“I talk to God when I fold laundry. I rarely have time to read much of the Bible anymore. I’m too busy serving my family, serving people, and pouring my life out to study or be stuck in a prayer closet.” And yet this woman has one of the single most effective deliverance ministries in the French speaking world and puts the fear of God in me every time I’m around her.

    The point being, I share much of that same testimony. I feel like my prayer life is one of constant communion where I’m aware of him every single moment, available to his words, and sensitive to his ebbs and flows, if you will. We chat often. I don’t really ever kneel down, say, “Dear Jesus,” and end with, “Amen.” Granted, I freely admit that could be a reason I don’t see more than I do in regard to “effectivity.”

Beth Walrath · 26 Aug ’11 at 10:56 am

Wow awesome post. The thing that hit me the most was the line, it’s not about what I get out of the deal it’s about what He gets out of it.
I’ve stopped going to church just for me along time ago, I started realizing that I need to go to help others. Anyway I can get more knowledge & wisdom to benifit someone else is what I look for.
Guess I need to turn my focus more towards His benefits.

This post kinda goes with my recent post on Upgrading. We constantly need to be upgrading & measuring our progress.

    Christopher Hopper · 26 Aug ’11 at 1:12 pm

    It’s a sign of maturity when we leave ourself checked at the door, and pick up the tab for others. Awesome Beth. Thanks for sharing!

Will · 26 Aug ’11 at 12:38 pm

Unfortunately, sometimes in life, I find myself measuring the distance I have put between me and God. Your picture shows a ruler, and sometimes I think an odometer would be more appropriate. The beautiful thing about God is that He knows us, He understands us, and He loves unconditionally. It is in that knowledge that I find peace, because no matter how much distance I put between me and God, He is always right behind me when I turn around to Him. My life is so much poorer if I step outside of His blessings, and so thank you for posts like this that remind to step back in within them.

    Christopher Hopper · 26 Aug ’11 at 1:16 pm

    You’re welcome, Will. And thanks for the genuine comment. I love the 24kt.

    What’s fascinating is our perception of distance, or space, between us and God, when the reality is He’s omnipresent, and omnipotent. More often I find myself having to exchange the word for “distance” with “sensitivity.” I know certain behaviors in my life make me more numb to his Spirit, making me “feel” far; likewise, countless other behaviors make me acutely aware of his movement and stirrings.

Bethany · 26 Aug ’11 at 1:48 pm

WOW! Umm so I am sitting here crying my eyes out…this soo hits home.
I work out 5days a week some mornings waking up @430am to make sure I get in my time @ the gym. I never miss a day,it is my routine. Yet I can not tell you the last time I took more then 5minutes to read my Bible or really soak in the presence of the Lord. Yes I pray and sing and praise Him all day but i never just have alone time…why is that? I actually don’t have “alone time” with anyone..except the gym…why do i make things so hard. I have built such a wall and yet it could be broken so easily…ugh yup this hits home…thanks Christopher…definitely reading this over and over to keep on track!!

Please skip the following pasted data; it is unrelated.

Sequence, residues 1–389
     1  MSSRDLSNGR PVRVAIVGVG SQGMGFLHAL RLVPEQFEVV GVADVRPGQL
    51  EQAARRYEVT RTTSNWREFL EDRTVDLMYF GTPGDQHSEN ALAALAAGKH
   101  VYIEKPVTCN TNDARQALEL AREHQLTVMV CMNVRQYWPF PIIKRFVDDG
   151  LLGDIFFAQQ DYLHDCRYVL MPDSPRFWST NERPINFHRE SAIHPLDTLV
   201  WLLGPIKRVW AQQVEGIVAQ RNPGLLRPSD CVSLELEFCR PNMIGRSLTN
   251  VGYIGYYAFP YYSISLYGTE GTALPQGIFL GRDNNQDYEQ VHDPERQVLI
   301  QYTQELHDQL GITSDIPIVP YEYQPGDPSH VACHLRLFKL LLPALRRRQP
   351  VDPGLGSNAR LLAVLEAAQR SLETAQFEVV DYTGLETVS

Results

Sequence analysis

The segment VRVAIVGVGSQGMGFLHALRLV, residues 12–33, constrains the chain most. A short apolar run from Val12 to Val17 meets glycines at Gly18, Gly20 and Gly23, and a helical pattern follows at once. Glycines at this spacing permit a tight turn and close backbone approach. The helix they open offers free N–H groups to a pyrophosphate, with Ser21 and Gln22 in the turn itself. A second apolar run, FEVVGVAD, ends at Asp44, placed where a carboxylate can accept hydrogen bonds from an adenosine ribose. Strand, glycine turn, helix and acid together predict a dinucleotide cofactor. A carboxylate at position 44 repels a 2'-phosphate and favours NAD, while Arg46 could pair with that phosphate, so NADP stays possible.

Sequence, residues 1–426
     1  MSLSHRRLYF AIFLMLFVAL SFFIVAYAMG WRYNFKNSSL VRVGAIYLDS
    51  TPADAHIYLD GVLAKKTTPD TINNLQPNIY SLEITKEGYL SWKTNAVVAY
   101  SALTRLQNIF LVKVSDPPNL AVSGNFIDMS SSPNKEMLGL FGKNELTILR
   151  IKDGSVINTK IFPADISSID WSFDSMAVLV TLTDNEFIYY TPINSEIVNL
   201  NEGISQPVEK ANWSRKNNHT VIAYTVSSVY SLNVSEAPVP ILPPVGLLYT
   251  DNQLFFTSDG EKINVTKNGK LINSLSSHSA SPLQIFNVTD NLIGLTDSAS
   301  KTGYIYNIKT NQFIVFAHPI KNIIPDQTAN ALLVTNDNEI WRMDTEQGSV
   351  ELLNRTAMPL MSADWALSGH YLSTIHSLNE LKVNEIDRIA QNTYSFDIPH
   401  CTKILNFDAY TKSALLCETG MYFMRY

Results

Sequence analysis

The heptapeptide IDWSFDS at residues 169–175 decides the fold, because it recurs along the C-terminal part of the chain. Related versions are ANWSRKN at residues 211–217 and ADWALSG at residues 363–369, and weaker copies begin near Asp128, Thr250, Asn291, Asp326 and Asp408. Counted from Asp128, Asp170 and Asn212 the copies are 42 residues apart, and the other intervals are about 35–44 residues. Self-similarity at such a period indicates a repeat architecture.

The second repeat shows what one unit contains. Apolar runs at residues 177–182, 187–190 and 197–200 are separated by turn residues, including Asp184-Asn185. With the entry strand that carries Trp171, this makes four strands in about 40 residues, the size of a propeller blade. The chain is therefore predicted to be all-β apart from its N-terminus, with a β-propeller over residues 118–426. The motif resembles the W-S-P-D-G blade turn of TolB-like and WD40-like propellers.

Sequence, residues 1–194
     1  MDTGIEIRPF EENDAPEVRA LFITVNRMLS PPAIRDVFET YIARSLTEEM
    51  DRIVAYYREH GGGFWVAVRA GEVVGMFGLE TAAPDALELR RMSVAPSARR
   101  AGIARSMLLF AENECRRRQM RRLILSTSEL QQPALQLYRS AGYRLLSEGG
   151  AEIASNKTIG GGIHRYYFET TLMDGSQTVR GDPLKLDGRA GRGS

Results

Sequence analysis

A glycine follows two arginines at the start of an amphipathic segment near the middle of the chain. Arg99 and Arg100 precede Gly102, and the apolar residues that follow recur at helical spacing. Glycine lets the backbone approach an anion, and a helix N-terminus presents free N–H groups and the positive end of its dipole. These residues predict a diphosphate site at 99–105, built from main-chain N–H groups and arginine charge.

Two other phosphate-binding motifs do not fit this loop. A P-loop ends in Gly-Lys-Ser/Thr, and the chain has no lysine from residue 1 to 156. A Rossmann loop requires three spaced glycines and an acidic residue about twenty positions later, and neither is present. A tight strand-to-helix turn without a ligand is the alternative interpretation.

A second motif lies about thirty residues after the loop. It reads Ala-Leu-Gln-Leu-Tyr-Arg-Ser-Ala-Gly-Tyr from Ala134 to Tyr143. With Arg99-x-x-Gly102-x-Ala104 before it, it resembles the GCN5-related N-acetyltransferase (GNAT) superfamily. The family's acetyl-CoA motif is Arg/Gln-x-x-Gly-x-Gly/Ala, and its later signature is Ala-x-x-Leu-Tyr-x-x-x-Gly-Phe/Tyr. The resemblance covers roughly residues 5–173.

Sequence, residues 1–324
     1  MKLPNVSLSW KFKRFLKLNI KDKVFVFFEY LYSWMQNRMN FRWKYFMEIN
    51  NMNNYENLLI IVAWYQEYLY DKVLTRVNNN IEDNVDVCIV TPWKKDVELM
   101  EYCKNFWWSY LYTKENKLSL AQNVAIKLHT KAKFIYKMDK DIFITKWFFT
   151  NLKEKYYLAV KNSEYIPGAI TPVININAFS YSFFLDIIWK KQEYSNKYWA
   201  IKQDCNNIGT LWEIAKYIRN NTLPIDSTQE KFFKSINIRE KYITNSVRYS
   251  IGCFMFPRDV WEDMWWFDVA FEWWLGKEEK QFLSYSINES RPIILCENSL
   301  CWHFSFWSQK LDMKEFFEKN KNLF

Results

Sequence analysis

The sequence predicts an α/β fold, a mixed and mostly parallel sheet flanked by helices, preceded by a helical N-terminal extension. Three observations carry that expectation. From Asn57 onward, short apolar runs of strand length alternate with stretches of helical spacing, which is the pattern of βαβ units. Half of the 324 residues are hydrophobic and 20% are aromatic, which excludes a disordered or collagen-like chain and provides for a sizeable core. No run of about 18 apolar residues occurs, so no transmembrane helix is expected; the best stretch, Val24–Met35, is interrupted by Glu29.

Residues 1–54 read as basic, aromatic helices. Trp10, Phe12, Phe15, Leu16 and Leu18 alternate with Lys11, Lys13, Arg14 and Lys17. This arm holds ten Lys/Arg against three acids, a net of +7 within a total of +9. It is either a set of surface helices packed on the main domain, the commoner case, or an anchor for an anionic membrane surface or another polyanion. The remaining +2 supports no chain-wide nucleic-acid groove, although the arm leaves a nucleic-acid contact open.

Christopher Hopper · 26 Aug ’11 at 2:49 pm

    I’m thrilled for your new sense of liberty, Beth. Often it’s the “perceived” expectations of tradition that keep us confined (demonic) in the name of holiness, when the most holy thing we can do is bask in relationship! Having watched my own wife, I recognize the sheer amount of devotion and dedication she gives our family, and it is nothing less than Christ-like in the most fundamental and valuable of ways. Yet she has little to no time physically alone! Is she any less of a Christian because she is not up to par with the “disciplines” she exhibited as a teenager? Far from. If anything, she is more Christ-like in these days than I have ever known her. This does not discredit the disciplines – I long for more alone time than ever to be and read and meditate – but rather, these thoughts emphasize the preeminence of relationship through walking with Jesus throughout your day.

Costa · 26 Aug ’11 at 11:07 pm

Dude! My blog I wrote this morning is along the same lines! Your’s is just a bit more in depth! 🙂 good stuff!

    Christopher Hopper · 27 Aug ’11 at 9:30 am

    Very cool! I’ll have to check it out! Thanks for stopping by bro.

Christian Fahey · 27 Aug ’11 at 10:13 am

Christopher, this was really good. REALLY good. The questions are incisive and your perspective really edifying. Really liked the points especially about fueling drama with more drama (versus antidote of God’s peace) and going to serve (hence, no bad Sundays, services, etc.). Two thumbs up!

    Christopher Hopper · 27 Aug ’11 at 10:51 am

    Interestingly enough, that point about Psalms 112 is what ignited this whole post.

    I remember being a little boy and thinking a lot “what if I lost my dad” (which, as you know, I almost did), and “what if my best friends died,” etc. Heavy thoughts for a little guy.

    Then one day when I was about 12 or 13, the Lord “gave me” Psalm 112 as a promise for me life. Reading that one verse especially set me free. I’ve received a lot of the kind of phone calls you don’t want to get; every time, by his grace, I’ve managed to respond with precision, grace, and unusual peace.

      Christian Fahey · 27 Aug ’11 at 2:50 pm

      12 or 13? Interesting. Doing the math tells me God was prepping you for your Dad’s accident and recovery before it happened. There are a great many orchestrators in showbiz (Nelson Riddle, Lalo Schifrin, etc.) but God is the ULTIMATE orchestrator. Inspiring how He was actively fathering you as a teenager–in advance of a very tough time– with gold that has yielded to this day!

        Christopher Hopper · 27 Aug ’11 at 6:44 pm

        Actually, the plane crash was previous to this (probably what instigated the early fears), however, his multiple surgeries, as well as some major post 12-year-old events (including later ones as an adult, like Amber’s accident, and Danielle’s car accident last November) do find their roots in these gifts from the Holy Spirit.

          Christian Fahey · 28 Aug ’11 at 12:52 pm

          True that. It amazes me how the Holy Spirit makes a portion of Scripture “jump off the page” and into our hearts and how it holds us for years to come. Excellent!

          Christopher Hopper · 28 Aug ’11 at 4:15 pm

          Truth is potent, and therefore timeless.